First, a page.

He is of Canadian and Norwegian descent. He was named after a Dallas Cowboys wide receiver, his parents divorced in 1973. The next year, his mother married Terry Keith Armstrong, a wholesale salesman, who adopted Lance that year. At the age of 12, Armstrong started his sporting career as a swimmer at the City of Plano Swim Club and finished fourth in Texas state 1,500-meter freestyle, he stopped swimming-only races after seeing a poster for a junior triathlon, called the Iron Kids Triathlon, which he won at age 13. In the 1987–1988 Tri-Fed/Texas, Armstrong was ranked the number-one triathlete in the 19-and-under group. Armstrong's total points in 1987 as an amateur were better than those of five professionals ranked higher than he was that year. At 16, Lance Armstrong became a professional triathlete and became national sprint-course triathlon champion in 1989 and 1990 at 18 and 19, respectively. In 1992 Armstrong turned professional with the Motorola Cycling Team, the successor of 7-Eleven team.
In 1993, Armstrong won 10 one-day events and stage races, but his breakthrough victory was the World Road Race Championship held in Norway. Before his World Championships win, he took his first win at the Tour de France, in the stage from Châlons-sur-Marne to Verdun, he was 97th in the general classification when he retired after stage 12. He collected the Thrift Drug Triple Crown of Cycling: the Thrift Drug Classic in Pittsburgh, the K-Mart West Virginia Classic, the CoreStates USPRO national championship in Philadelphia, he is alleged by another cyclist competing in the CoreStates Road Race to have bribed that cyclist so that he would not compete with Armstrong for the win. In 1994, he again won the Thrift Drug Classic and came second in the Tour DuPont in the United States, his successes in Europe occurred when he placed second in Liège–Bastogne–Liège and the Clásica de San Sebastián, where just two years before, he had finished in last place as his first all-pro event in Europe. In a 2016 speech to University of Colorado, Boulder professor Roger A. Pielke, Jr.'s Introduction to Sports Governance class, Armstrong stated he began doping in "late Spring of 1995".
He won the Clásica de San Sebastián in 1995, followed by an overall victory in the penultimate Tou
Paolo Francesco Radmilovic was a Welsh water polo player and competitive swimmer of Croatian and Irish origin who represented Great Britain at four Summer Olympics. He won four Olympic titles in a 22-year Olympic career, he won four gold medals across three successive Olympic Games, a record which stood for a Great Britain Olympic athlete until broken by Sir Steve Redgrave when he won his fifth gold medal at Sydney in 2000. In 1928, he was the first person to compete for Britain at five Olympic Games, a record that would remain until surpassed by fencer Bill Hoskyns in 1976. Radmilovic was born in the Tiger Bay area of Cardiff, the third son of Antun Radmilović, a native of Dubrovnik who relocated to Cardiff in 1860s and became the landlord of the Glastonbury Arms pub in Bute Street, his mother was born in the daughter of Irish immigrants. Radmilovics were the landlords of the Bute Dock Tavern in Bute Street, his paternal ancestors were from Makarska. Radmilovic made his debut for the Wales national water polo team at the age of 15 in 1901 and at the time was the youngest international player in the history of the sport.
He competed in international swimming and water polo for nearly 30 years and was still an active swimmer well into his seventies. He was a competent golfer and footballer, he won his first Amateur Swimming Association title in 1907 when victorious in the open water 5 mile race in the River Thames. His noted versatility came to the fore two years when he won the 100 yards freestyle, he won the English Long Distance Championships in 1907 and 1925, the latter at age 39. A year he won the English One Mile Championship at age 40. A reporter for the'Swimming Times' wrote of his 1925 victory: Until last year he had never held the 1 mile championship of England, but at the East India docks he had quite a comfortable win. "Raddy" believes in careful and systematic training so that before the race, he has some idea as to what the final result would be. Before the mile championship, he is credited with saying: "I shall beat 24 minutes, 30 seconds." He won in 24.22. How many of the younger generation could demonstrate such judgment of pace over a distance?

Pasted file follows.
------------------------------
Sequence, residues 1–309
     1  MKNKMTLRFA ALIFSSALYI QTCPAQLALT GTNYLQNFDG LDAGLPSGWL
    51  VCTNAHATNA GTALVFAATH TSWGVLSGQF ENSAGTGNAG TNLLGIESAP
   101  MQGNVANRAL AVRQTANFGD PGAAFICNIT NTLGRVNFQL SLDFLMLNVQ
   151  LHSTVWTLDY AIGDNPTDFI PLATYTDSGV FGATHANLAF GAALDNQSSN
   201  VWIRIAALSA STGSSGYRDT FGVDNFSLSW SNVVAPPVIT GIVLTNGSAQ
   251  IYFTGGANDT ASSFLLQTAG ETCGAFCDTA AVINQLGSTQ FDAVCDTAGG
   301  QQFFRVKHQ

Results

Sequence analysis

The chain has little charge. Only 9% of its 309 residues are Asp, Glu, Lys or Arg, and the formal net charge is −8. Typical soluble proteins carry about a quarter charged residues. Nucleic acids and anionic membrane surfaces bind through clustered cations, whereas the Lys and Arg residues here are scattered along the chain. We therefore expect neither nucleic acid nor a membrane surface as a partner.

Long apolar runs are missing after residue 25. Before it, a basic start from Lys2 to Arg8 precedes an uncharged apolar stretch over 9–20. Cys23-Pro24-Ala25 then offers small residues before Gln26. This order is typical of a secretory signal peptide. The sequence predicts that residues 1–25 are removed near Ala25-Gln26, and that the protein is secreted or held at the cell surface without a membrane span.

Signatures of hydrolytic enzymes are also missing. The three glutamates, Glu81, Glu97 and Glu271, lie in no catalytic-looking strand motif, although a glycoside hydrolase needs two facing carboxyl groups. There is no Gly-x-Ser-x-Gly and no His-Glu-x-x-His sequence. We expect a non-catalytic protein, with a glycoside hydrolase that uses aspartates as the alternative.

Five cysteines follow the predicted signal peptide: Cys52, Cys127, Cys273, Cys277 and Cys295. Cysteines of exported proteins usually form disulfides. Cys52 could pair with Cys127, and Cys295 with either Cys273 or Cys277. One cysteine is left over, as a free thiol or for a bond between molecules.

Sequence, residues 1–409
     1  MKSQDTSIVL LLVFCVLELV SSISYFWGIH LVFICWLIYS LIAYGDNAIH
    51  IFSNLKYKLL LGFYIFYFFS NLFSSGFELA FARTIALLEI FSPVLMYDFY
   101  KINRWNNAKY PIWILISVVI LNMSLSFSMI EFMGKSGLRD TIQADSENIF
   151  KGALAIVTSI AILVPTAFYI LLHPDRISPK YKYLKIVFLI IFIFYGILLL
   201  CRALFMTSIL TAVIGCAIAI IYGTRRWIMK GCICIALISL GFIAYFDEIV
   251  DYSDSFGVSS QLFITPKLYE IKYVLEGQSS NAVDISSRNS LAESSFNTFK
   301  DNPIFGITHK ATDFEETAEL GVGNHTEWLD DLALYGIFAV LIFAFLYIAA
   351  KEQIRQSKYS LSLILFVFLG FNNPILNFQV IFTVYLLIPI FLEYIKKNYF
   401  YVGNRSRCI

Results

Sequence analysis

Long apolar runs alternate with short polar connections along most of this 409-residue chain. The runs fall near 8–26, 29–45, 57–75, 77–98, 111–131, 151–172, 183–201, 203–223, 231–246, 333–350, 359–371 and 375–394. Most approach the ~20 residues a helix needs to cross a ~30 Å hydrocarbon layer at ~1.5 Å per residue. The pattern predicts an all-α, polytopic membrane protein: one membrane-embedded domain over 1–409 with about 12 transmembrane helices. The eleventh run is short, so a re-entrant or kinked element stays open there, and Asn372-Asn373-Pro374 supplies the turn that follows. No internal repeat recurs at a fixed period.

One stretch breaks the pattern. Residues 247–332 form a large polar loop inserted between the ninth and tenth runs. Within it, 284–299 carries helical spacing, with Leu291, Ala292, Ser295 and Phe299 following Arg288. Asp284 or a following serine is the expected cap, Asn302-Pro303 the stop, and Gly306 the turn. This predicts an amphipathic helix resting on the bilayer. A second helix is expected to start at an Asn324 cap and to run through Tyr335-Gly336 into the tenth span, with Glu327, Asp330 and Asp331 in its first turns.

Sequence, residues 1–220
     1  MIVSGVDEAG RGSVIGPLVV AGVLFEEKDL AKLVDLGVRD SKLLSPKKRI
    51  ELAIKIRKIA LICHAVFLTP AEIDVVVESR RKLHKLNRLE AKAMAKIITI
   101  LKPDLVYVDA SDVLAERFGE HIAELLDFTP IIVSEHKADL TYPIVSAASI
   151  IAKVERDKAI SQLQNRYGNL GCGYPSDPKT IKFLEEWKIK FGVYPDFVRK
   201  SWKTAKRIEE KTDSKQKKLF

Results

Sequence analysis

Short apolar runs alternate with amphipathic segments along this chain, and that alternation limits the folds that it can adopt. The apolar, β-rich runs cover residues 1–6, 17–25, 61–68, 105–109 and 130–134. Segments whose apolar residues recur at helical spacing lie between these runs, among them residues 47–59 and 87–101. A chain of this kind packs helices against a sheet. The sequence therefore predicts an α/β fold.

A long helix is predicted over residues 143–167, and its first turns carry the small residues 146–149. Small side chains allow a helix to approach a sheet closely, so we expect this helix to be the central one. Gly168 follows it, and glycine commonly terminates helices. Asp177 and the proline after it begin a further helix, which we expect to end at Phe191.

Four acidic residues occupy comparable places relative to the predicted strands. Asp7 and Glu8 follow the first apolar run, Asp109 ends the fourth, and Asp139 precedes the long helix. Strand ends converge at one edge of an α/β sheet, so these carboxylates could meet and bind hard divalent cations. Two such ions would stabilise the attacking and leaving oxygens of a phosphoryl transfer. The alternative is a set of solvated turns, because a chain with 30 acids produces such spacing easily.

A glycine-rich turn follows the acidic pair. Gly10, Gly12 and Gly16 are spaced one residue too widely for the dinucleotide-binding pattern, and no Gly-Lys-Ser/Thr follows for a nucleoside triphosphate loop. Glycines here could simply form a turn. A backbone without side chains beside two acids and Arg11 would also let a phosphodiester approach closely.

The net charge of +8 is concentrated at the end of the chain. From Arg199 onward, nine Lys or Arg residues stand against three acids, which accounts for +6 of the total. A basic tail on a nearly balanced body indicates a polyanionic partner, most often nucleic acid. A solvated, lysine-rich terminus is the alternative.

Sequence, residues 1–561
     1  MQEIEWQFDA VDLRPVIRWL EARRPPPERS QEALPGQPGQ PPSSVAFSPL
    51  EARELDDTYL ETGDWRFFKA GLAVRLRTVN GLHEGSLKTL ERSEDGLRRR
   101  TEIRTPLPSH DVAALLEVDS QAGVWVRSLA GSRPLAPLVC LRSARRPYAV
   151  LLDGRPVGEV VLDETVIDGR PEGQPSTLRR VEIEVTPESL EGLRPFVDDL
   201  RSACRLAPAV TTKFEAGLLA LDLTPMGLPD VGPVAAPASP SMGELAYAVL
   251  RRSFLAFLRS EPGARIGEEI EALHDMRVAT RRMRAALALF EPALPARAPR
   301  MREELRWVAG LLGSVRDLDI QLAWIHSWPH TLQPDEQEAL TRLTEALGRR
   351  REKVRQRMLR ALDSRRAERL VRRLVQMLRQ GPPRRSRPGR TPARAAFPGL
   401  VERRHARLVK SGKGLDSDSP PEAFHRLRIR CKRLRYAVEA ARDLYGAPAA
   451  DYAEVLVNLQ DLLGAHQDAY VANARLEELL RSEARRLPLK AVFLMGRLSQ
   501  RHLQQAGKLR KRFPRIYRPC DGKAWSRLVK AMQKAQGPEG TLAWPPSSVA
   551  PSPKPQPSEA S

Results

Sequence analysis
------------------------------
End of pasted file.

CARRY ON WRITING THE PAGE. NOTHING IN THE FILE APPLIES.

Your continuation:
In all he won nine titles over a 19-year span at tremendously varying distances. His victories at the Welsh national championship took place over an ever-greater timespan. A 100 yards title at the age of 15 in 1901 and a 440 yards victory at the age of 43 in 1929 book-ending his career, his Olympic career began as a swimmer at the 1906 Intercalated Games where he finished 4th in 100 metres freestyle and 5th in the 400 metres event. In the 1 mile event he did not finish. In 1908 he won a gold medal as part of the British water polo team that defeated Belgium 9–2 in the final. Radmilovic scored twice in the final. Two days he was drafted into the 4×200 metre relay squad when another swimmer withdrew due to illness and swam the second leg of a dramatic race. Hungary appeared to be cruising to victory when anchor leg swimmer Zoltán Halmay began to lose consciousness in the water. Halmay struggled to the finish but Henry Taylor had touched four seconds earlier to give the British victory. Radmilovic competed in three individual freestyle events but failed to make a final.
Radmilovic moved to Weston-super-Mare in 1904 and all Olympic successes were gained whilst a resident of this Somerset resort and where he was an ardent member of the local swimming and water polo clubs. He won his third career gold as part of the British water polo team at the 1912 Summer Olympics in Stockholm; the Austrians were defeated 8–0 in the final. Radmilovic's fourth and final gold came at the 1920 Summer Olympics in Antwerp albeit in eventful circumstances. Great Britain and Belgium had impressed in reaching the final and the game itself was a tight one decided when Radmilovic scored to put the British 3–2 ahead. On the final whistle incensed Belgian spectators attempted to attack the British players. Armed police guarded the team, he competed as a member of the British team in both the 1924 and 1928 Olympic water polo tournaments without medal success. He was 42 years old, his record of four gold medals was unrivalled by any British Olympian until Sir Steve Redgrave equalled and broke it by winning his fifth title in the 2000 Summer Olympics in Sydney If one includes the 1906 Intercalated Games, he competed at six Olympic Games.